For light duty a folding knife is certainly easy to work with. Simple carving, whittling, opening boxes, envelopes...these duties are pretty simple and straight forward and are not too demanding on the carriage or the lever. Folding knives are easier to carry (and loose) plus there are many in different price ranges. Fixed blade knives are heavier duty by far, and they range in many different sizes and weights for different tasks. Lack of moving parts makes fixed blade knives entirely more durable.
Folding knives have casing which covers the blade like a sheath that should be periodically cleaned, and the pivot screw should be oiled especially with outdoor use. This is usually where most of the folding knives fail after prolonged use break or rust shut. Many of us have used these in place of a screw driver and broke the tip off at the end of the blade. Have you ever used a folding knife that didn't have a lockout mechanism? I used one to scrape and pry off old caulk from windows and when I put pressure on the wrong side of the blade, it snapped back on my fingers...and it hurt. Of course there are decent and functional folding knives that are part of multi purpose knives, but the little blades in those usually don't have lockouts, so they are equally as notorious for closing when you least expect it.
Don't get me wrong, fixed blade knives break too. Usually it has more to do with the application - or wrong application thereof. You will find that even the finest of fixed blade knives for cutlery will often twist and break off at the tip if you suddenly find yourself having to use one as a flathead screwdriver. They are harder to carry around unless you have a carrying case, so they usually stay in the toolbox.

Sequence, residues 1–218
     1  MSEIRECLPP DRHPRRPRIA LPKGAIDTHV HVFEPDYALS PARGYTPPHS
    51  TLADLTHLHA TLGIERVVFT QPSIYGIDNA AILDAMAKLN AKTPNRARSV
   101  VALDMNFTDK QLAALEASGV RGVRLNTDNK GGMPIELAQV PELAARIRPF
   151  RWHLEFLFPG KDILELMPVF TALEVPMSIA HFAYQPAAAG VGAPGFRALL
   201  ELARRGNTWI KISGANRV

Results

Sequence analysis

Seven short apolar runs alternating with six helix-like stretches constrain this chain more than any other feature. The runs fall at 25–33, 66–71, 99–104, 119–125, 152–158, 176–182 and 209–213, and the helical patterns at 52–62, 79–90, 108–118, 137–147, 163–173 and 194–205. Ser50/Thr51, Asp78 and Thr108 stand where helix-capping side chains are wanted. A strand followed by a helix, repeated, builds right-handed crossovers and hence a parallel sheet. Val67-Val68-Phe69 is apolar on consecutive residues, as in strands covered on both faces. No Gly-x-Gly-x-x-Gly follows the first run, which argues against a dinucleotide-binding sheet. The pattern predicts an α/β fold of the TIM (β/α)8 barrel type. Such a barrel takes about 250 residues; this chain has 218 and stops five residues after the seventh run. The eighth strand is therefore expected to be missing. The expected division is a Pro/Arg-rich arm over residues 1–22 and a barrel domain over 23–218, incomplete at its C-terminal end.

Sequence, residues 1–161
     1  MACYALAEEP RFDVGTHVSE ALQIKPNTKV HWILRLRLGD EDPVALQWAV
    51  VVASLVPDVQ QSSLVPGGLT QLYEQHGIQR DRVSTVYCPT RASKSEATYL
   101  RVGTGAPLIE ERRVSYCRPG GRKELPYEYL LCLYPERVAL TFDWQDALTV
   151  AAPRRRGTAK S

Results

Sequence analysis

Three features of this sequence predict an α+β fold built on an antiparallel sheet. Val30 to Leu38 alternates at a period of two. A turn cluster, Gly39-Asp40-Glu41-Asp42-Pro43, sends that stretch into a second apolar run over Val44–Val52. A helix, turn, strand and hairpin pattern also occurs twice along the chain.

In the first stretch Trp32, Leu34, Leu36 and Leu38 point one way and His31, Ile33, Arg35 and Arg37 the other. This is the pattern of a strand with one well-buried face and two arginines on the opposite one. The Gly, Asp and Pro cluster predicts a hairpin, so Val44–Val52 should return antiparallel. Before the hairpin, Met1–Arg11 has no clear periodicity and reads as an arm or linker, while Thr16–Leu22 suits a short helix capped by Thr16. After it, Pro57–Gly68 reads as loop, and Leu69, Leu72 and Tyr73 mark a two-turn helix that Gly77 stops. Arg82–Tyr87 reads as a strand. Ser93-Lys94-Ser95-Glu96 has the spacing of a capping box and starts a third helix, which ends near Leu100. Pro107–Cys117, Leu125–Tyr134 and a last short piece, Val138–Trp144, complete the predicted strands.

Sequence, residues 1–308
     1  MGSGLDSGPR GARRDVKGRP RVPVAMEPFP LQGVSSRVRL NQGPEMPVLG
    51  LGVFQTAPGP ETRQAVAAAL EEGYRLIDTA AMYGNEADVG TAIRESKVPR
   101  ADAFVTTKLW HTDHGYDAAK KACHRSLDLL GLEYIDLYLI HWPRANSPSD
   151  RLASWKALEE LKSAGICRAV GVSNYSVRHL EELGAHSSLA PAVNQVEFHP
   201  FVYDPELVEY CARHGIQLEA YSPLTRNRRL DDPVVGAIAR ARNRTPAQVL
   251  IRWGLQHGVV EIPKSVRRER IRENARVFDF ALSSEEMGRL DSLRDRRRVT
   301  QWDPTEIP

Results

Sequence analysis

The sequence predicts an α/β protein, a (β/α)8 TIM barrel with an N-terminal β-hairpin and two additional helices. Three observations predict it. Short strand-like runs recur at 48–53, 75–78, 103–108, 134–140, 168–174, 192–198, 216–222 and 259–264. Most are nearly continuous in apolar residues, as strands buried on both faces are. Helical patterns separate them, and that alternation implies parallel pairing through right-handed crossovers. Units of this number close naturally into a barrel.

Many of your folding knives are used in the streets for the ease of carrying around and the ability to conceal. In some states having a knife over 6 inches is a crime so watch what you purchase if you plan on having it on your person. Usually hunting and larger type serrated knives are perceived more as tools as opposed to folding knives.
Quality of anything you purchase is usually the result of what you are willing to pay for. This pertains to fixed blade knives, as well. It is easy to find reasons to favor one over the other or vise-versa; if it fits within your budget, try not to go cheap on your tools - any tools. I have learned this the hard way, having raced through countless fixed blade knives, multi-tools and folding knives, cheap and expensive. As long as you properly take car of, and don't lose or leave your more expensive tools, they tend outlast and outwork a cheaper tool. As a final thought, I would choose to have top of the line-or at least moderate-when purchasing a fixed blade knife.